Movie Review: The Way, Way Back is incredibly moving
Director: Nat Faxon, Jim Rash
Writers: Nat Faxon, Jim Rash
Stars: Steve Carell, Toni Collette, Allison Janney, Liam James, Sam Rockwell
Synopsis: Shy 14-year-old Duncan goes on summer vacation with his mother, her overbearing boyfriend, and her boyfriend’s daughter. Having a rough time fitting in, Duncan finds an unexpected friend in Owen, manager of the Water Wizz water park.
Well to start, The Way, Way Back is one of the best films so far in 2013. The duo of Nat Faxon and Jim Rash were incredible here bring us a movie that is powerful, moving and a ton of fun. While this theme as been explored many times before, it’s the journey along this path which makes it fun and interesting and this journey is a lot of fun. The movie is shot really well and explores relationships in a pretty interesting and engaging way. On some sort of level, there is at least one (probably more) character that is easy to relate with, especially in today’s world and the direction made it easy for you to experience that. The camera work isn’t stand out worthy but you understand the aesthetic and it’s the relationship dynamics that are captured brilliantly.
The movie is about a young boy, Duncan, who is in his early, formative years as a teen and he’s learning who he is and what is identity is going to be. And this is something every boy goes through at some point in his life which makes Duncan relatable on some level. While our stories may not resemble his life at all, what makes Duncan great is the underdog factor. He’s not a popular kid and he’s not the “cool kid; you know something we’ve seen a thousand times before. But like I said, it’s the how and why in the journey that’s awesome, not the vehicle that gets you there. And Duncan’s journey is filled with escapism, wanting acceptance, love and somewhere to fit in. And he finds all of that with Sam Rockwell’s character, who is the manager of a water park in the town that Duncan’s family is staying at for the summer. It’s here Duncan finds his confidence and “his own path” that starts to set him free. In the middle of that, is a girl who is cute, adorable and also looking for escapism which leads to her attraction to Duncan. While not something likely, the two have amazing chemistry and the relationship formed leads to some amazing and fun screen time. Duncan’s relationship with his mom’s boyfriend (Steve Carrell) is a hindrance and becomes a burden for both Duncan and his mom which leads to some interesting questions and more importantly, choices. This is a coming of age tale that is fun, entertaining and likable on so many levels. An incredibly rich story.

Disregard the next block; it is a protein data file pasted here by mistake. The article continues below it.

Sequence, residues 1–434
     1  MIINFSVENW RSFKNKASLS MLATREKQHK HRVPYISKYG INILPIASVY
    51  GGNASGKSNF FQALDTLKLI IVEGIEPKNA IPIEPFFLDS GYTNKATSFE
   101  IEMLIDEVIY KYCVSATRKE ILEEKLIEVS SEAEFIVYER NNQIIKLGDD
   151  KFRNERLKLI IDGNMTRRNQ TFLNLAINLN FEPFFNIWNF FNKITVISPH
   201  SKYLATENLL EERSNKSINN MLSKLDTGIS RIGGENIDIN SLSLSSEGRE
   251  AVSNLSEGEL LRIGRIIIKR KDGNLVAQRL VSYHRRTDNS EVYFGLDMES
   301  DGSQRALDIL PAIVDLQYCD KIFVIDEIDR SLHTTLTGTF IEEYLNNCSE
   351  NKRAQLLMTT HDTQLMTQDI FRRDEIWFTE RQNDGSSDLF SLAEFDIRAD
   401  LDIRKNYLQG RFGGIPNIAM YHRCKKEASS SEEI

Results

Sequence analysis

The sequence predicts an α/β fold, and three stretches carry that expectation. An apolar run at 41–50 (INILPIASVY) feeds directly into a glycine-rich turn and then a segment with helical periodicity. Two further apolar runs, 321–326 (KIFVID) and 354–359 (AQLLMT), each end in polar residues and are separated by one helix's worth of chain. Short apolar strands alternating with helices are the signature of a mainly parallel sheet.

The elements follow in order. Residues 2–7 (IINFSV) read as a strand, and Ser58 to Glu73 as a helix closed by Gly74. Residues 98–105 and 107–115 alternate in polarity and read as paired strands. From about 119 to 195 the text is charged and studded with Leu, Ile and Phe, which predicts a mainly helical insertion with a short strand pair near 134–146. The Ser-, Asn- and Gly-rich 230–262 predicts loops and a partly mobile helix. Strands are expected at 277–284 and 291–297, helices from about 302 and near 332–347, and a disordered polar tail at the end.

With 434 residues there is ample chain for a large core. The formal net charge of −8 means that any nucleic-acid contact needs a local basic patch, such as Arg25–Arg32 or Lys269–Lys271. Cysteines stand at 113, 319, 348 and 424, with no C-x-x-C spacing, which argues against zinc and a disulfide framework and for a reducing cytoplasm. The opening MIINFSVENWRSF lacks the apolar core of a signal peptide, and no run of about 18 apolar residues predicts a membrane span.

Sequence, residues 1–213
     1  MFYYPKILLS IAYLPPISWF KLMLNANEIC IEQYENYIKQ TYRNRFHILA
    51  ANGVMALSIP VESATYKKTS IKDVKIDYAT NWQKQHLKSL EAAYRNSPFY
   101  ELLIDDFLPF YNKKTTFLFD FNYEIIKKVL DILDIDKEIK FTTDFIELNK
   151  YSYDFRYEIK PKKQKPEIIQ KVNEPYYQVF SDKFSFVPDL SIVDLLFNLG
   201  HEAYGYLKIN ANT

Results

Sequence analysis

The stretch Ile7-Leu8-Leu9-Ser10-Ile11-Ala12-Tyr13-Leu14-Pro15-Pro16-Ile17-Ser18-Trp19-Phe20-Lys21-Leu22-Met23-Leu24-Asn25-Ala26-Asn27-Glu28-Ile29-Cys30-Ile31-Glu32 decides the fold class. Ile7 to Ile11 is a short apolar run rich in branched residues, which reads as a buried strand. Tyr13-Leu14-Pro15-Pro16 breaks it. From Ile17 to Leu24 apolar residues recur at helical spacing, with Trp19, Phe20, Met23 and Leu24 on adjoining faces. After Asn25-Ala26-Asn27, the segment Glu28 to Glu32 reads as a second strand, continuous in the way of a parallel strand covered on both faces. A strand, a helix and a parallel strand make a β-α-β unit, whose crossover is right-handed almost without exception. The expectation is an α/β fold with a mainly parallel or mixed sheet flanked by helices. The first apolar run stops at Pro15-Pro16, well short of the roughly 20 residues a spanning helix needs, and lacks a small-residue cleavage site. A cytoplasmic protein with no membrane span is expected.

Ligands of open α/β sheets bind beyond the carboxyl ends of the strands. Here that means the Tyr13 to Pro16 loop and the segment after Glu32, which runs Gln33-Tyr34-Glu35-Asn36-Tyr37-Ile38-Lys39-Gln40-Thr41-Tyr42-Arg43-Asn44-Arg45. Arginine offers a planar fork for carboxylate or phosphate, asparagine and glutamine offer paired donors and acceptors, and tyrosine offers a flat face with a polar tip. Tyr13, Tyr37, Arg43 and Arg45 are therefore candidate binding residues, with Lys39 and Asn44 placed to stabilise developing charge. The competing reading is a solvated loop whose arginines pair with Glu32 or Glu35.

Let’s start off with Liam James as Duncan. James’ performance is either brilliant or not great. His dialogue is delivered so awkwardly and his expressions or movements mimic the same awkwardness. The thing is, that’s who his character is at the core of this story. He’s a weird, young teen, who has a hard time making friends, let alone getting girls or being “cool”. And at times with the deliverance of that, it can come off as bad acting because it is weird and awkward. Some though, may call it brilliant and I think I’m in that ballpark. However, Sam Rockwell steals the show here. He’s hysterical in what is perhaps his best role ever. Everything he does is funny, perhaps off the cuff, and brings a dynamic to this movie that just puts it over the top. The way he plays off as the silly manager who doesn’t take anything serious is perfect and yet, he’s serious when he needs to be. Steve Carell doesn’t make a single joke the whole movie, can you believe that? He’s the untrustworthy boyfriend who makes bad decisions and is not very likable. Yes, that Steve Carell. He’s really good at it too. All the other supporting roles are great as well for the most part aside from some of the younger teen female parts that came off cheesy and stereotypical but it didn’t detract from the film too much.
Rob Simonsen’s score is pretty good actually and is very appropriate for the story that we’re wrapped up in. It’s fun and energetic while in the background when it needs to be. It’s not overbearing and in the end it won’t be memorable but when you’re in the moment, it’s a good, fun little jam.